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On Brandon Belt Not Starting Again

The giraffe has two known predators in the wild: grinning claymation automobiles, and jackasses.
The giraffe has two known predators in the wild: grinning claymation automobiles, and jackasses.

Brandon Belt has 153 plate appearances for the Giants this year. That's pretty spectacular. He was the Opening Day first baseman, after all. He had a hand injury, sure, but even considering that, he has 153 plate appearances. For a little context, remember that Jeff Keppinger, for whom the Giants traded two months ago, has 168 plate appearances with his new team.

Was Belt the answer? Would the Giants be in first if he had started all year? Nah. Probably not. But it's hard to imagine a way the Giants could have dickered him around any more, especially considering this is just his second season in professional ball. After giving him the starting job, they gave up on that idea after 50 at-bats. In Albert Pujols's first 50 at-bats this season, he hit .226/.288/.358. That isn't to say that Belt is the next Pujols, but it's a reminder that 50 at-bats isn't the kind of sample that can tell you a whole lot about a player's ability. Even good players struggle.

There's more than the numbers to the story, of course. There's the eyeball test. When Belt was struggling, he didn't look good. When he was succeeding in the minors, well, Bruce Bochy didn't see those games. The ones that Bochy watched featured a struggling Brandon Belt. You don't need 500 at-bats to know when a guy is good or not. You can just tell. So Belt didn't get the chance to adjust, didn't get the chance to patch the holes in his swing.

When the pressure got to be too much, and when the Giants offense was going through what might have been their worst offensive stretch in franchise history, Belt was put back into the starting lineup. It was August 14th, and Belt started 14 games during the remainder of August. He hit .220/.291/.440 during that stretch. Sure the .731 OPS was better than what Aubrey Huff had done all year, but Belt's line came with a bunch of strikeouts. So that experiment ended, and Belt stopped starting.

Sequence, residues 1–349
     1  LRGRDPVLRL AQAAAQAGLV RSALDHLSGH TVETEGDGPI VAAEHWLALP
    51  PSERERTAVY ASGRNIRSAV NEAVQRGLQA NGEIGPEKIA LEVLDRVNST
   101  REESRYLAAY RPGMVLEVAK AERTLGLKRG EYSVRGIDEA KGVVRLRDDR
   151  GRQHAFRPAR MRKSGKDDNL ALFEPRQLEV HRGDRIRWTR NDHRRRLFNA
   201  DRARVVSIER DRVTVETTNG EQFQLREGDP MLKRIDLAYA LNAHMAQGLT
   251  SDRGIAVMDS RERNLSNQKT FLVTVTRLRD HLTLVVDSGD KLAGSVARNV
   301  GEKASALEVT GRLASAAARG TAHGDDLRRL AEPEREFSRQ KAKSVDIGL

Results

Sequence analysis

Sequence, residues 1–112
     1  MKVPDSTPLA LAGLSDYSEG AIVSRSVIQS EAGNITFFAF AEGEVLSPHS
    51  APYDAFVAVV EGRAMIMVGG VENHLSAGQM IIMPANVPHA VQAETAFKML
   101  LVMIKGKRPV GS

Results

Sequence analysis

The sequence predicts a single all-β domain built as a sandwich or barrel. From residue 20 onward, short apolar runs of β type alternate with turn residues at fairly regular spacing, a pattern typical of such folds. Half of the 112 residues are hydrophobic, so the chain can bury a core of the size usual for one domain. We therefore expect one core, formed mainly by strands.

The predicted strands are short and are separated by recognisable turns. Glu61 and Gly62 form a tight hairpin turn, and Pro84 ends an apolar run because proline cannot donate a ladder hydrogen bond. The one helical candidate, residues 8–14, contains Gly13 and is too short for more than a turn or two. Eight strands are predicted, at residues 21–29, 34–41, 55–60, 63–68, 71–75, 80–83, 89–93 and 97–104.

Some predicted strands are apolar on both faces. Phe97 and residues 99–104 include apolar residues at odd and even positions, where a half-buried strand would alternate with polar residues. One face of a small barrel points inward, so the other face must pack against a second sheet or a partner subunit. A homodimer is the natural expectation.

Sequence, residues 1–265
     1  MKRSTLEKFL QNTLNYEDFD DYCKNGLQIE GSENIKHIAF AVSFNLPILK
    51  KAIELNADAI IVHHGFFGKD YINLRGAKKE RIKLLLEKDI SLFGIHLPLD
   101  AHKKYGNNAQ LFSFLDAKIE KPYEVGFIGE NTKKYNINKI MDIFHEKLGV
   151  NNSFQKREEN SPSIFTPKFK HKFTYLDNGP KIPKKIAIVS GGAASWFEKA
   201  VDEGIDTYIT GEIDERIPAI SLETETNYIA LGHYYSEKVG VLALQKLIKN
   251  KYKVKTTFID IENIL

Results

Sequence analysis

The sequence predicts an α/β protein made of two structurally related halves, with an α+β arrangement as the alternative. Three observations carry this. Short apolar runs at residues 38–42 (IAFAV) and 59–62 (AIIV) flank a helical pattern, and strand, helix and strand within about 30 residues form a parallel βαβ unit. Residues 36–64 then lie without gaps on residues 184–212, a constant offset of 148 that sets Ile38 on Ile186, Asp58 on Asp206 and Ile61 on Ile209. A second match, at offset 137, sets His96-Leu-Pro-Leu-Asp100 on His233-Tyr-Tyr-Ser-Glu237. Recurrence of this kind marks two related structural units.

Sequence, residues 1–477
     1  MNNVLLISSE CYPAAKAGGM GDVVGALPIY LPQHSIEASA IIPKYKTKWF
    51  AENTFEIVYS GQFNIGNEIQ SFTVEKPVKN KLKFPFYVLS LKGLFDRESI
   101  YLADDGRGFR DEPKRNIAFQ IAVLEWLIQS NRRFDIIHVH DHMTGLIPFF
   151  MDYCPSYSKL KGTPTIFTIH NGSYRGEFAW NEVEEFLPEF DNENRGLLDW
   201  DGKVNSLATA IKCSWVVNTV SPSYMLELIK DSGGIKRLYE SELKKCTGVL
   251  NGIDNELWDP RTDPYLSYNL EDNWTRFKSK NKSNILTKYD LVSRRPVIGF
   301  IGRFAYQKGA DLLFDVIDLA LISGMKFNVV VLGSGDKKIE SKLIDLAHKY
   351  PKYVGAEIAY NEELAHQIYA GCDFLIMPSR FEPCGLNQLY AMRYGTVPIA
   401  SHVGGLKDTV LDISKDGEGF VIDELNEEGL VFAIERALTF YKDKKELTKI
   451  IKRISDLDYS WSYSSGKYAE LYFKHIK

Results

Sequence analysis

Now Brett Pill is up. He's starting today against a right-hander, mostly because he hit a home run last night against a left-hander. That makes sense. This is a pretty good sign that Belt has been officially buried. If Pill has a two-hit game today, I'm guessing we won't see a whole lot of Belt for the rest of the season.

So here's how the Giants have made their decisions regarding Belt:

  • Hot spring? Start him!
  • Bad 15 games? Demote him.
  • Hot month in the minors? Promote him!
  • Return from a hand injury? Promote him, but don't play him.
  • No one else is hitting? Try him in the starting lineup again!
  • Only barely outproduces the incumbent over 50 at-bats? Bench him.
  • A different 26-year-old comes up and hits a homer in his first at-bat? And you say he doesn't walk a bunch, so he's not going to look at strike three all the time? Welp, we've seen all we need to see.

Your argument might be that, well, he looked awful during those stretches. That's sort of the point when it comes to stats, though. It's rare that when a player struggles, he does so gracefully, hitting line drives that just happen to get caught. Usually players who aren't doing well look like players who can't play baseball well. And when a hitter is hot, he looks like the reincarnation of a young Roberto Clemente. Stats help you sort through that.

The Giants, though, believe that they can sift though the tea leaves and figure out who is swinging a hot bat, and who isn't. They don't need to be wary of small samples because they can just tell. It's this kind of faith-based strategy that has the Giants constantly failing to score runs.

Brandon Belt's superlative stats in the minors suggest that he's a special hitter. His performance in the majors suggests that he has work to do. The Giants are doing everything in their power to make sure that he gets that work in the most erratic way possible. They've started him, benched him, demoted him, promoted him, and refused to start him against left-handed pitchers even though he's been fantastic against them this year.

Well, that last note is probably just the mirage of a small sample. But, hey! Why has that ever mattered?

So here's a cheat sheet for the rest of 2011:


Learn it. Love it. Live it. Let's see what Belt looks like without the threat of getting pantsed by small-sample goblins. Give him the job, and then back the hell away for the last month of this miserable season.

Comment starter: If Buster Posey has this streak before this streak, the Giants don't win the World Series. That's more of a statement than a comment starter, but I really believe that. If Posey strugged when he first came up, the season would have been far, far different, even though his talent level wouldn't have changed at all.